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Am J Psychiatry 165:5, May 2008 621

Article
ajp.psychiatryonline.org
A Randomized, Controlled Trial of Cognitive-Behavioral
Therapy for Augmenting Pharmacotherapy
in Obsessive-Compulsive Disorder
Helen Blair Simpson, M.D., Ph.D.
Edna B. Foa, Ph.D.
Michael R. Liebowitz, M.D.
Deborah Roth Ledley, Ph.D.
Jonathan D. Huppert, Ph.D.
Shawn Cahill, Ph.D.
Donna Vermes, M.S., N.P.P.
Andrew B. Schmidt, L.C.S.W.
Elizabeth Hembree, Ph.D.
Martin Franklin, Ph.D.
Raphael Campeas, M.D.
Chang-Gyu Hahn, M.D., Ph.D.
Eva Petkova, Ph.D.
Objective: Although serotonin reuptake
inhibitors (SRIs) are approved for the
treatment of obsessive-compulsive disor-
der (OCD), most OCD patients who have
received an adequate SRI trial continue to
have clinically significant OCD symptoms.
The purpose of this study was to examine
the effects of augmenting SRIs with expo-
sure and ritual prevention, an established
cognitive-behavioral therapy (CBT) for
OCD.
Method: A randomized, controlled trial
was conducted at two academic outpa-
tient clinics to compare the effects of aug-
menting SRIs with exposure and ritual
prevention versus stress management
training, another form of CBT. Partici-
pants were adult outpatients (N=108)
with primary OCD and a Yale-Brown Ob-
sessive Compulsive Scale total score 16
despite a therapeutic SRI dose for at least
12 weeks prior to entry. Participants re-
ceived 17 sessions of CBT (either exposure
and ritual prevention or stress manage-
ment training) twice a week while con-
tinuing SRI pharmacotherapy.
Results: Exposure and ritual prevention
was superior to stress management train-
ing in reducing OCD symptoms. At week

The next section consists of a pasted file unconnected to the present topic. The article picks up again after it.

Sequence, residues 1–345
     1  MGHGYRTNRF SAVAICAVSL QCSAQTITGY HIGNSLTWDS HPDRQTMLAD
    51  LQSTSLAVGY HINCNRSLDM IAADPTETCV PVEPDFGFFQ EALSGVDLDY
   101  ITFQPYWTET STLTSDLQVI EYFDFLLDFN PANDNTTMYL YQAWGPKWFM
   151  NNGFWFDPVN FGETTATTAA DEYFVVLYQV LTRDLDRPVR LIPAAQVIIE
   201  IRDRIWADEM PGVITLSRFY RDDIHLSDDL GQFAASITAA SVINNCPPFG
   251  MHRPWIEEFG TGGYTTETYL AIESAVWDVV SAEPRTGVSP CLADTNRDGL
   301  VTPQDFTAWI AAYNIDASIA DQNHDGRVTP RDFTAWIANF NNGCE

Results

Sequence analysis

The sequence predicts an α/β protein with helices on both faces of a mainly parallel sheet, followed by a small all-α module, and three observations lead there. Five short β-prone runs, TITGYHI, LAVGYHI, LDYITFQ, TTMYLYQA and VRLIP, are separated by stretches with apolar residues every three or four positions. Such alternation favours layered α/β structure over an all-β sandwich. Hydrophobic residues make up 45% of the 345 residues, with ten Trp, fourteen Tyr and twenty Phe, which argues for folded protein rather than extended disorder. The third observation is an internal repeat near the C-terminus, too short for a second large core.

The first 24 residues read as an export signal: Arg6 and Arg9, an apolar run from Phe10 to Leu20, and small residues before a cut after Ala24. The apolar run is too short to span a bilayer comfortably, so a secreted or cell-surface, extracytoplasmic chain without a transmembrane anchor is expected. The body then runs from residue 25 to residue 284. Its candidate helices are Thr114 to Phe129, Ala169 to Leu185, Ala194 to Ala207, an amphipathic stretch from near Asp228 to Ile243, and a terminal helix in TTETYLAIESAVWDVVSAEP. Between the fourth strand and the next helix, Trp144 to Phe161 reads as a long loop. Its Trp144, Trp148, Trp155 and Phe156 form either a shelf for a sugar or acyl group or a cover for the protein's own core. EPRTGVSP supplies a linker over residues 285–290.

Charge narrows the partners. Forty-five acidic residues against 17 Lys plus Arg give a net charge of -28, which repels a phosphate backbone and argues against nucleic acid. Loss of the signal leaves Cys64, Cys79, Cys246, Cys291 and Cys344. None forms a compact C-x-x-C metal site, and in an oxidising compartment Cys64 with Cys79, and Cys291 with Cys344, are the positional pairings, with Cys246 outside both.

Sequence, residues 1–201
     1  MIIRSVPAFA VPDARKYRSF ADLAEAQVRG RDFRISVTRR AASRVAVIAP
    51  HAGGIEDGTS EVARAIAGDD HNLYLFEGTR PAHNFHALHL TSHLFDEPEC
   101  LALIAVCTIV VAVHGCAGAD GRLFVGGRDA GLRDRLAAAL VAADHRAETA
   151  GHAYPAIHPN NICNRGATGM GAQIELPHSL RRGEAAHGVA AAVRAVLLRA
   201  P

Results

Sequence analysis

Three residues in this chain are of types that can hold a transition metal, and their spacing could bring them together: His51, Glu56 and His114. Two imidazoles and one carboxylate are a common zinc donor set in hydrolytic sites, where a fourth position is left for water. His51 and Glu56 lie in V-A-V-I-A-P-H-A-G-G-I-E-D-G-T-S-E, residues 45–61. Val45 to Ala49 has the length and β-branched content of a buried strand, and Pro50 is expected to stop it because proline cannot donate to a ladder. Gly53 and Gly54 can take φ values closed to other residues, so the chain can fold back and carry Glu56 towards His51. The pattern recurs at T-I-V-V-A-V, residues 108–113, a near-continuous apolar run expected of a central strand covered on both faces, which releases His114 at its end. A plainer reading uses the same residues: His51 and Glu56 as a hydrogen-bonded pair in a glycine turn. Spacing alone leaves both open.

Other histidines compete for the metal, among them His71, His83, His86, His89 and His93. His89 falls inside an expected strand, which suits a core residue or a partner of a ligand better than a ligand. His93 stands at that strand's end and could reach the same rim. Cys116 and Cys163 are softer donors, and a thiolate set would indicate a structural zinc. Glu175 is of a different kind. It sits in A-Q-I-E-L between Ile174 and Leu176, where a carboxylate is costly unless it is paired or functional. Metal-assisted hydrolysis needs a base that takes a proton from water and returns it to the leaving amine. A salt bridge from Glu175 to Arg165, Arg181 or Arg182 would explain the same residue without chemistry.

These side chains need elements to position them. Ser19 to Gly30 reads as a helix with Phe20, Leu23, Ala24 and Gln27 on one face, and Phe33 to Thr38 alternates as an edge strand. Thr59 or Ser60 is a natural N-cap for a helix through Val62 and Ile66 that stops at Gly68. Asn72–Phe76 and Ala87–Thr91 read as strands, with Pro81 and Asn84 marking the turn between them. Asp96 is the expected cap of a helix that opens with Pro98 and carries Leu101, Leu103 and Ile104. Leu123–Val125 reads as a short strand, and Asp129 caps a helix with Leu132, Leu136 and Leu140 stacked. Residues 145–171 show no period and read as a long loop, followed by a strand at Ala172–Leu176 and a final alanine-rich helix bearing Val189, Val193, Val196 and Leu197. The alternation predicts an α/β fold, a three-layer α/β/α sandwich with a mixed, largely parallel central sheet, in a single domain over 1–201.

8, significantly more patients receiving ex-
posure and ritual prevention than pa-
tients receiving stress management train-
ing had a decrease in symptom severity of
at least 25% (based on Yale-Brown Ob-
sessive Compulsive Scale scores) and
achieved minimal symptoms (defined as
a Yale-Brown Obsessive Compulsive Scale
score 12).
Conclusions: Augmentation of SRI phar-
macotherapy with exposure and ritual
prevention is an effective strategy for re-
ducing OCD symptoms. However, 17 ses-
sions were not sufficient to help most of
these patients achieve minimal symp-
toms.
(Am J Psychiatry 2008; 165:621630)
Obsessive-compulsive disorder (OCD) is a severe and
disabling illness (1). Serotonin reuptake inhibitors (SRIs)
(e.g., clomipramine and various selective serotonin re-
uptake inhibitors [SSRIs]) and cognitive-behavioral ther-
apy (CBT) involving exposure and ritual prevention have
both been found to be efficacious in randomized, con-
trolled trials (2). In clinical practice, SRIs are used most
frequently (3), but because they typically yield only a 20%
40% reduction in OCD symptoms (4), many SRI respond-
ers continue to have clinically significant symptoms.
The only SRI augmentation strategy with proven effi-